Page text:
Pollet’s HB 1860 addresses lead in school water

OLYMPIA – Rep. Gerry Pollet, D-Seattle, introduced HB 1860 to require all public schools to test and remove lead contamination in school water across Washington.

“One of Seattle’s schools in my neighborhood has a contamination level of sixty ppb.  That is completely unacceptable and horrifying to hear as a parent,” said Pollet, who is also a faculty member at the University of Washington School of Public Health, ”It is inexcusable not to test for lead to protect our children’s health and development.”

That lead level, found at Green Lake Elementary, is sixty times the maximum level of lead in water recommended by the American Academy of Pediatrics (AAP). They say anything over one ppb (parts per billion) can cause a loss of IQ in children.

There are no safe blood lead levels for children according to the AAP. Even low levels of lead exposure harms neurological development and reduces IQ.

To protect these school children, Pollet designed HB 1860 to prevent and remove lead contamination from water outlets in Washington’s schools.

Most school districts that get their water from public sources do not test for lead in school water. Those that do test for lead may still have outdated standards for what is an acceptable amount. Seattle schools take action at ten ppb, which is still ten times higher than the level of contamination which will cause harm to children’s development.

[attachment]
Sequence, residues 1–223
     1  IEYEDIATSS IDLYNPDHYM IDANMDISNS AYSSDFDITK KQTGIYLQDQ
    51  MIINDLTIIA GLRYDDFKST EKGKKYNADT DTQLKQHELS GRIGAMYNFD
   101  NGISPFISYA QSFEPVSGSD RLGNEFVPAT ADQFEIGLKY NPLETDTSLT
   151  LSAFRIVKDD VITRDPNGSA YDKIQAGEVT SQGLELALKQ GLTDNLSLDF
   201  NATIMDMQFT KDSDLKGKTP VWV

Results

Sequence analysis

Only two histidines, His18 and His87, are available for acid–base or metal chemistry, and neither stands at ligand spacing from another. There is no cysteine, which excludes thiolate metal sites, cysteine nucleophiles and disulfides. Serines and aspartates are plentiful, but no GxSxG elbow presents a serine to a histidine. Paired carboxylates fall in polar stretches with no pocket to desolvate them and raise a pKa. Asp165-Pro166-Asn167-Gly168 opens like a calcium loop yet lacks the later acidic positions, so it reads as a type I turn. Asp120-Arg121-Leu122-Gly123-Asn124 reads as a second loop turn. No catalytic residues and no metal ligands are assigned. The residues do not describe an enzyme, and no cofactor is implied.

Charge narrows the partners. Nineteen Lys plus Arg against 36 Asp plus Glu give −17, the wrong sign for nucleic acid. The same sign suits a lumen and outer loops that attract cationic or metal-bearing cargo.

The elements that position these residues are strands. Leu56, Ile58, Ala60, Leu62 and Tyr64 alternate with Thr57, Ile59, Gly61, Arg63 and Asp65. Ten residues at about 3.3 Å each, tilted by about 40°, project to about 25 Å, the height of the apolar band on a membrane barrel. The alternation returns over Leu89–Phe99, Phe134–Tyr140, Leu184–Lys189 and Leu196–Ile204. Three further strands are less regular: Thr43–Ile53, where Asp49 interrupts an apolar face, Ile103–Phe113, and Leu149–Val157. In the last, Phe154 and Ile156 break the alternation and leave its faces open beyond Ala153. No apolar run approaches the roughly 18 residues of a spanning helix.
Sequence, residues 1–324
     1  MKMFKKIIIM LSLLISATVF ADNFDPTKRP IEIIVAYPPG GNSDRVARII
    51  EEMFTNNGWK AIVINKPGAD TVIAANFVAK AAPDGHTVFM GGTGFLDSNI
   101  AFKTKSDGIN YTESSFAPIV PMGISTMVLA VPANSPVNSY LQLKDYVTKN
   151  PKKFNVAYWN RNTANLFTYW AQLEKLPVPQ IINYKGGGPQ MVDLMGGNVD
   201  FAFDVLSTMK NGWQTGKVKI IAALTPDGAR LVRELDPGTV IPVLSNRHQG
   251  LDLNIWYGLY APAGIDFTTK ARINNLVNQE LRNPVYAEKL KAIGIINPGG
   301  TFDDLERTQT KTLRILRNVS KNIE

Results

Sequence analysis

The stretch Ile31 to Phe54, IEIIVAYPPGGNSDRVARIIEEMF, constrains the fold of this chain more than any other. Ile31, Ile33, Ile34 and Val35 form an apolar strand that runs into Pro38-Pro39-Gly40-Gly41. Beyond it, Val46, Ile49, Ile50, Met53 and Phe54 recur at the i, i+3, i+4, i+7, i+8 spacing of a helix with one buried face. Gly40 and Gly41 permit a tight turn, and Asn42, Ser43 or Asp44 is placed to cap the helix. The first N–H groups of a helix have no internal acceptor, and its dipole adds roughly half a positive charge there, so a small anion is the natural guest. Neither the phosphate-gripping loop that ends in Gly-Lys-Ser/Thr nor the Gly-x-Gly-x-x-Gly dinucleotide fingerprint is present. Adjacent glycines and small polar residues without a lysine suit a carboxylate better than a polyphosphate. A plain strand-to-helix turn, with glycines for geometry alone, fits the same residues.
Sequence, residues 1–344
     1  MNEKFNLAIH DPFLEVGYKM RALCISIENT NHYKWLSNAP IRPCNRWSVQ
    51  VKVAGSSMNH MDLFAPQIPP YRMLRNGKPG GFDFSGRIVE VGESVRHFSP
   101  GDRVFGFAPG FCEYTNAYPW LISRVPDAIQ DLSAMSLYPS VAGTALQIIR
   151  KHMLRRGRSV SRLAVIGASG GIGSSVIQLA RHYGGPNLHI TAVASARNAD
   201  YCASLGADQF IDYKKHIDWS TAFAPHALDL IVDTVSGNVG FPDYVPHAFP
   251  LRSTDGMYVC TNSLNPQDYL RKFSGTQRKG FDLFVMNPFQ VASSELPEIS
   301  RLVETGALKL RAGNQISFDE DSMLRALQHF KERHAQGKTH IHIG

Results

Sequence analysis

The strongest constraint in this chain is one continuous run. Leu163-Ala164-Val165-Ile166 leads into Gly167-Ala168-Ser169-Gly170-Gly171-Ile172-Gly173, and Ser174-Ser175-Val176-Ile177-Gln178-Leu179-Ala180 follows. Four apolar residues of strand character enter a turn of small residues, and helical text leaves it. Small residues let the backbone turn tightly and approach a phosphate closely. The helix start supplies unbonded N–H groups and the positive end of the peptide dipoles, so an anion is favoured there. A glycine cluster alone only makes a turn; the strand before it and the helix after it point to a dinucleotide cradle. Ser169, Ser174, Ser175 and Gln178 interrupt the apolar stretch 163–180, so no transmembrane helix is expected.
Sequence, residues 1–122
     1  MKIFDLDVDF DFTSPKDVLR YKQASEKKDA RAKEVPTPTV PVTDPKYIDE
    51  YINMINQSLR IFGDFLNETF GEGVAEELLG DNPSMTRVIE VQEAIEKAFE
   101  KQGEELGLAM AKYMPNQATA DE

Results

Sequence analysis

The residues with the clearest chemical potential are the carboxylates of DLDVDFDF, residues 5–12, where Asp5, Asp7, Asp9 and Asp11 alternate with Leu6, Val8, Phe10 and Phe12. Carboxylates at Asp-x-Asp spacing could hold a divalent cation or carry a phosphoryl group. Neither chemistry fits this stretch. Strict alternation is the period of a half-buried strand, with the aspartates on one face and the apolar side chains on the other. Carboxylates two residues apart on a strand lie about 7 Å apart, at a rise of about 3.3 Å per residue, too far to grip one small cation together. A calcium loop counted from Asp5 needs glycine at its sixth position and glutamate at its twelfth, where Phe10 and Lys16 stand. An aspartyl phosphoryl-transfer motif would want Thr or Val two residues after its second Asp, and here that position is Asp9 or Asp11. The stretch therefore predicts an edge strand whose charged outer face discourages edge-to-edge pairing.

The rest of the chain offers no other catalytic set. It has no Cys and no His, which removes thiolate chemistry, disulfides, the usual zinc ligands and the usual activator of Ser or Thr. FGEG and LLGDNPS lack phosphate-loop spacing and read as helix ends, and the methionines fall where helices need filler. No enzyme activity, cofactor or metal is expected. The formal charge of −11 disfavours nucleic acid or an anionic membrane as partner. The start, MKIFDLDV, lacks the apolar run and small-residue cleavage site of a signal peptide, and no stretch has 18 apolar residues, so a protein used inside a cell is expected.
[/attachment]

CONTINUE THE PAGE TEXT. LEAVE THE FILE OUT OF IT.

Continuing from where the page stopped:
Under HB 1860 all schools in Washington would be required to test for lead in their water at least once in the first three years.  After those three years, all schools would be required to hold annual tests for lead contamination. Any school district with lead contamination levels above five ppb would have to prepare a plan of action to prevent elevated lead levels in their water outlets by January 1, 2020. These plans could include installing filters, certified by the National Sanitation Foundation, at all potable water outlets with elevated lead levels.  If unable to fix the lead level of an outlet, a school must provide a clean alternative source of water for students.

By taking these steps and more to prevent lead in school water, Rep. Pollet hopes to see great improvements in the health and well-being of students throughout the state. “We’ve known the dangers of lead contamination for years. By removing the lead from our schools, we address a major problem and provide a healthier and brighter future for all children,” said Pollet.

Pollet has been working with Environment Washington and WashPIRG who will soon be releasing a study on lead contamination in school water in Washington.